The ride was short, thankfully; maybe 30 minutes. The most interesting part was that twice the boat had to pull up alongside government patrol boats, “officially” to submit some sort of paperwork, but Hai told us there was money hiding in the paperwork. Some sort of kickback or payoff for protection? Who knows, but it ended up being the only instance on the whole trip where we witnessed corruption.

    Thien Mu Pagoda was pretty and we enjoyed it, but not a highlight compared with the Imperial City and the tombs of the emperors. Happily, our driver picked us up and drove us to our next stop, the Imperial City, and we didn’t have to take the dragon boat back to town.

    I absolutely loved the Imperial City. We probably spent around 2 hours wandering around the grounds. This is the sort of place where I love having a guide. It’s huge and there are so many gorgeous buildings and other structures worth seeing. It’s nice being with someone who can lead you on a logical path. Not that you couldn’t do it without a guide, but I think you might end up missing things and doing lots of backtracking.

    Next Hai dropped us at Tropical Garden for lunch. It was a pretty place and we ordered 4 different dishes to share. Sorry, I don’t remember what we ordered, but my notes say “just OK.” Hai told us we should try to go back for dinner since they have live music, but I was thinking we’d probably try to go to La Carambole. Oh, for lunch we had the local beer of Hue called LaRue, which was very good (but I think we decided the Hanoi beer was better.)

    After lunch we drove to the Royal Tomb of Tu Duc. I loved this place too; very peaceful and park-like with tons of shady pine trees and lakes. The structures seemed to have been allowed to age gracefully rather than being over-restored in a fake sort of way. Next we drove to the Royal Tomb of Khai Dinh. Completely different than Tu Duc, but also gorgeous. After hiking up a ton of steps you’re rewarded with a shrine with an interior totally covered in mosaic murals created from pieces of colorful broken porcelain.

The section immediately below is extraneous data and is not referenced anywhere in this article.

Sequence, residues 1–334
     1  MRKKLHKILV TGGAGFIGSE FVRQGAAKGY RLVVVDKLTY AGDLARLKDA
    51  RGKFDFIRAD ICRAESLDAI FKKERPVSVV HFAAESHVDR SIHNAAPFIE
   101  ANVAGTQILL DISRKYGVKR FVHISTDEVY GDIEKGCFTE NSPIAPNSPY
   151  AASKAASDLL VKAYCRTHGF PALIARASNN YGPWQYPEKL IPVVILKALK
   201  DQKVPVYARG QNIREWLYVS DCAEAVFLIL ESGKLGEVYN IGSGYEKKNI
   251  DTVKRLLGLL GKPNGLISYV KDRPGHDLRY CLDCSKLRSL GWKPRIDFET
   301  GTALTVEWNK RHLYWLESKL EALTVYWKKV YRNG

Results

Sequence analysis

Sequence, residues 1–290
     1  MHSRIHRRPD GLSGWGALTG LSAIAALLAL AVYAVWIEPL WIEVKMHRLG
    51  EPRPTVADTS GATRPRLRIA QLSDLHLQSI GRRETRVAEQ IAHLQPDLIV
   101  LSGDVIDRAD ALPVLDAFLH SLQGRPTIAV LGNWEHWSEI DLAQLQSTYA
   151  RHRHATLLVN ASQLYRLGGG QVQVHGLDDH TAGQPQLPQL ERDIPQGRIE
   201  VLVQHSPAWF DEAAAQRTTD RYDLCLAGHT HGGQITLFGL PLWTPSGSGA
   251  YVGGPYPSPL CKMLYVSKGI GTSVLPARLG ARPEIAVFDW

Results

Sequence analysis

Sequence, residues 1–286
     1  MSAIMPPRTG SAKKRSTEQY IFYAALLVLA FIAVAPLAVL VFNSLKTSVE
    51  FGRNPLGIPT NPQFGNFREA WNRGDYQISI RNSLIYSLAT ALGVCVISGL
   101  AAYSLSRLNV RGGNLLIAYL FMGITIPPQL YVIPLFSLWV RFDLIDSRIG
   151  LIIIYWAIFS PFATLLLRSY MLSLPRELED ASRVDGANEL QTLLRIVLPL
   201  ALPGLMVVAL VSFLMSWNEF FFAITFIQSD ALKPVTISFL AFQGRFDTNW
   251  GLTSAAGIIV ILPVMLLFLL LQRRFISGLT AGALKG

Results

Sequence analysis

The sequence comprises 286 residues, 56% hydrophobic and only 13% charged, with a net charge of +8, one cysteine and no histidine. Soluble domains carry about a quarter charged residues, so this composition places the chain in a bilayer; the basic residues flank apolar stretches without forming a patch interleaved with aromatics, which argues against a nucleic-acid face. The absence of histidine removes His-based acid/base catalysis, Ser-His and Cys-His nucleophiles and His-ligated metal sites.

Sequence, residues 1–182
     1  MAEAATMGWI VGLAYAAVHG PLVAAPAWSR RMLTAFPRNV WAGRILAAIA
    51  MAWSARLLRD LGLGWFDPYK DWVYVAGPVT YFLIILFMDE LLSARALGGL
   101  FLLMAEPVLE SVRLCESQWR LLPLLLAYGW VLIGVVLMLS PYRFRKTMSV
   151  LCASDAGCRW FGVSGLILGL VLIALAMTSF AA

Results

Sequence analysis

Our final stop of the day was the Dong Ba market. I love visiting markets not so much to buy stuff but to take photos, especially of the food. So Hai led us around through the fruits, veggies, meats, fish, etc and it was fantastic. He tried to tell me the market in Hoi An was better, but at the end of the trip after seeing markets in each city I decided Dong Ba was best.

    A great day in general. I think I took more photos on this one day in Hue than on any other day of the trip.

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    We were back at the hotel around 4:00pm, and concluded it was time to lounge by the pool with books and cocktails. The La Residence pool is really pretty, and there’s a nice pool bar with an interesting drink menu. The fresh fruit juices sounded so yummy that I opted not to get a cocktail.

    After lounging for awhile we were feeling pretty hot and completely lazy and the idea of going out to dinner was sounding less and less appealing, especially after the pleasant experience we had at the hotel restaurant the night before. We decided to get cleaned up then have a drink at the bar (a gorgeous space just off the front lobby) and think about it. Well, after curling up on one of the bar’s sofas and enjoying a bottle of white wine, we were definitely staying put. And all I could think about was the cheeseburger and fries I had noticed on the menu the night before. I still feel sort of guilty about this; we hardly ever eat at hotels since I always love experiencing local restaurants and local cuisine. But we had another great experience, again sitting outside in the warm candlelit air, eating really good burgers and drinking more wine (red this time.)

    The next morning as we left Hue to drive to Hoi An, I found myself wishing for another day in Hue just to explore the city on our own. The central (?) part of the city around Tropical Garden looked interesting, as did what appeared to be an attractive residential area between the hotel and the central area. Add me to the many voices on this forum who have said Hue deserves just as much time as Hoi An. Or more.

    Up next: the drive to Hoi An.